The sibling voices still fit hand-in-glove with one another, still featuring unusual, sometimes haunting harmony but now featuring a more lead vocal plus back-up format.
Label: Equal Vision Records
Time: 11 tracks / 38:22 minutes
Although Laughing City is the name of Eisley's online community, the Texas-based band's new project, The Valley, is no laughing matter. As cliché as this might sound, The Valley is not only Eisley's most mature work to date but it's a passionate, mature, artistic rock/pop statement that just might be the defining moment for this quintet that had been known as much for its quirky surrealist leanings as for the fact that this was pretty much a sister (and one brother) act. The first part made them an acquired taste – the second might have minimized their potential audience based on a perceived lack-of-cool.
It seems that everything has changed. Well, a lot of things, anyway. The details are not the issue here, but let's say that life has recently put members of the band through some heavy-duty changes, and what often happens with artists has happened: pain gives way to art. Without question, there's much pain on this project but there's also hope and a sense of optimistic romanticism – a quality that always seemed to linger just under the surface of even the earliest Eisley songs. The Valley gives us Eisley in a more aggressive, passionate, world-wise form than anyone could have expected, musically, lyrically, and in terms of the performance. Dorothy – we're not in Trolleywood anymore....
The title track begins startlingly, with in-your-face staccato strings and a totally up-front vocal: “Real heartbreaker come and take me / to the real heartache that everyone's talkin' 'bout / You see me then you don't - but get it right, I don't believe in magic.” Hmmm. Quite a change from the “Marvelous Things” days: “I awoke the dawn / Saw horses growing out the lawn Ah, ah, ah / I glimpsed a bat with butterfly wings / Oh, what marvelous things.” In a mirror-image to John Lennon's turn-around from a string of 'I don't believe' statements from “God,” to the 'I believe, yes – I believe' chorus of “Number 9 Dream,” it seems as if Eisley has gone from an embrace of idealism to an encounter with some harsh life-realities – the driving force of the bass, the attack of the guitar and the thunder of the drums as the whole band kicks in seems to say, 'we're back and we're here to play, so look out.' This is a Texas-sized sound from Eisley!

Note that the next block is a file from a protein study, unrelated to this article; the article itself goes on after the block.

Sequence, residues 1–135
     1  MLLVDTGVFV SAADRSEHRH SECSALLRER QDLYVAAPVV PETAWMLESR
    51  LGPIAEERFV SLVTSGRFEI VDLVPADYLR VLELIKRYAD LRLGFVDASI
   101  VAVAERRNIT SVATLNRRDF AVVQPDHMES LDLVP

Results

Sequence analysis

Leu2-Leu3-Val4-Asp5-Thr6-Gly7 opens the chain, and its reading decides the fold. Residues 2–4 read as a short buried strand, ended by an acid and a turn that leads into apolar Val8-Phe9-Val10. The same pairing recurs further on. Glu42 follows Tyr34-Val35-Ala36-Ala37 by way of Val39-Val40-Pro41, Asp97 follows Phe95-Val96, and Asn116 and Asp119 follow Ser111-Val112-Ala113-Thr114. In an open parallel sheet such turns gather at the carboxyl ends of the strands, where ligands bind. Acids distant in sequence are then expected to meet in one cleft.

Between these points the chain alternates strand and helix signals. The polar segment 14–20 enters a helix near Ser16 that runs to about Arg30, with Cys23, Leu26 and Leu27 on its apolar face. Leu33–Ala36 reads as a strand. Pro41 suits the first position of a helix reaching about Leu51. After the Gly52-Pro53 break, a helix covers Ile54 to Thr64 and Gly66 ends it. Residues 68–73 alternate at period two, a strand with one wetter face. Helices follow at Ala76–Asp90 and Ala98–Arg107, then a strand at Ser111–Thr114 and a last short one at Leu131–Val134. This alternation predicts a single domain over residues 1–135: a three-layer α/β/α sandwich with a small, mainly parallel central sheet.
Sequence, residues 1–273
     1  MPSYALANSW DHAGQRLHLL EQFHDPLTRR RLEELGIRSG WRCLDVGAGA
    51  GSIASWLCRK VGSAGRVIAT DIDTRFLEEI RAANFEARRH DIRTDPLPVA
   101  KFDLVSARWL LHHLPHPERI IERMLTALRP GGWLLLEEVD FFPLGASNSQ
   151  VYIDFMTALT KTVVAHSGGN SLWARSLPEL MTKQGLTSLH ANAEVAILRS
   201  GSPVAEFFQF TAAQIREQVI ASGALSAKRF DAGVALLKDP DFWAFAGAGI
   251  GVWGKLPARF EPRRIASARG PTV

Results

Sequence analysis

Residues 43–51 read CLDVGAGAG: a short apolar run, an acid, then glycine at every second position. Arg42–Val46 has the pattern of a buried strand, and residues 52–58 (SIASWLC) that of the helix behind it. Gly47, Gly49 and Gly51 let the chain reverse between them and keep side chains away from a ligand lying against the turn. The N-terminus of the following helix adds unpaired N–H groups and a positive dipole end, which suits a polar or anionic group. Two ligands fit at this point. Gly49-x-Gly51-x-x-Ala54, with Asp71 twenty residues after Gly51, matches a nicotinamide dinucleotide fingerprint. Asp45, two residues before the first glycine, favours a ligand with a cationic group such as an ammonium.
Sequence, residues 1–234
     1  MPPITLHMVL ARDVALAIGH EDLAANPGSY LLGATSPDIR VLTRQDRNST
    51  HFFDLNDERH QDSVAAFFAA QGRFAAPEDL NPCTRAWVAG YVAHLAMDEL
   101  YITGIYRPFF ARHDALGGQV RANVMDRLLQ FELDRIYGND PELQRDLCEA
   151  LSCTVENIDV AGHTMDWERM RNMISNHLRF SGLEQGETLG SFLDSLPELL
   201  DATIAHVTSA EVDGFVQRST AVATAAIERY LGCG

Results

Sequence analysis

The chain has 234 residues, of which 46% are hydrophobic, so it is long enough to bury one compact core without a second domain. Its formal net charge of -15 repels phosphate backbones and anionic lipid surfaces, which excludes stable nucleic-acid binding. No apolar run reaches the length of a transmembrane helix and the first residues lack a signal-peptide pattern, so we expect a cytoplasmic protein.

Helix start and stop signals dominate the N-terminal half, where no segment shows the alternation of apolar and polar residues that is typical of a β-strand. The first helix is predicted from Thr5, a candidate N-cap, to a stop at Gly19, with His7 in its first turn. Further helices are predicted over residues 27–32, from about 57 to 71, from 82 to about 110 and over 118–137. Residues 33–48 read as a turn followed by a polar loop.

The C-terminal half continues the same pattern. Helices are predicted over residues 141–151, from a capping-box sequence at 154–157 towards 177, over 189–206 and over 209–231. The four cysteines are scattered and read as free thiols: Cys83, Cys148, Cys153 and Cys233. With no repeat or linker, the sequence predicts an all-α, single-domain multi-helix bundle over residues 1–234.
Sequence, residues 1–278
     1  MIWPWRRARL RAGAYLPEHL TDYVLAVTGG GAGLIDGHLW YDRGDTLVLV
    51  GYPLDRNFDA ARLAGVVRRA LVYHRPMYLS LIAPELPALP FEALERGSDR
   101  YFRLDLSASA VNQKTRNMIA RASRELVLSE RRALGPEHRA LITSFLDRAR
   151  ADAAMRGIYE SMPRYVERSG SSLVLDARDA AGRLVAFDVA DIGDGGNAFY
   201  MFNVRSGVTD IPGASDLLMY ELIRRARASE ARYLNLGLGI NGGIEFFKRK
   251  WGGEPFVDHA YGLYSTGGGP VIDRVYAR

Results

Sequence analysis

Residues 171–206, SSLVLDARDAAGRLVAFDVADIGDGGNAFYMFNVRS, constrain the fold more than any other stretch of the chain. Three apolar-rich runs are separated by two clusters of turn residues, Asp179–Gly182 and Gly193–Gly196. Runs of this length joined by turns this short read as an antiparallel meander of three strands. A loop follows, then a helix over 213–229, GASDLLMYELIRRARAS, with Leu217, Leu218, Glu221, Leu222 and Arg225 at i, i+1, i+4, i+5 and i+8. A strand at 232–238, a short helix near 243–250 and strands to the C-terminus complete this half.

The sibling voices still fit hand-in-glove with one another, still featuring unusual, sometimes haunting harmony but now featuring a more lead vocal plus back-up format. Where one might've once compared the vocal style to Lee Nash (Sixpence None the Richer), perhaps it's the maturity of the subject matter that now brings a slightly less-domesticated Sara Groves to mind.
The Valley showcases a more powerful, emotional Eisley: sometimes sounding painfully sad (“Sad,” “Please”), sometimes a little angry (“Smarter”), always reflective. Stacy (keyboards and vocals), Sherri (guitars and vocals), and Chantelle (guitars and vocals) have added a degree of grit to their repertoire while Garron's bass is solidly played and mixed richly into the sound and Weston's drumming, powerful and effective through the whole album, really displays some explosive breaks on “Better Love” and “Ambulance.” Is Mute Math's Darren King's influence taking effect? Jacqueline Morant (violin), Susan Dubois (violin), Thomas Demer (viola), Deborah Brooks (cello) provide earthy, intimate strings on several tracks, with Jeremy Larson lending a hand in the string department on “Kind,” a piano and bass centered ballad that comes at exactly the right time and in the right place on this intense album.
Musically the most radio-friendly track, the gloomily titled “Watch it Die” isn't exactly the feel-good song of the year with lyrics like 'my love for you has died tonight,' but it's an infectious tune nonetheless. Every song on The Valley is a great listen, with the unmistakable Eisely sound fully realized and stronger than ever before. Kudos to producers Gary Leach and Austin Deptula for keeping the sound fat and deep, for not compromising the integrity of these five artists from Texas who have gone walking through some emotional valleys and come out stronger on the other side.
The Valley is a strong album, a defining statement, and simply a great pop album with plenty of edge, great playing, passionate delivery and emotional depth. Eisley's latest effort is without question the strongest work they've ever done and should delight long-time fans and make many new ones.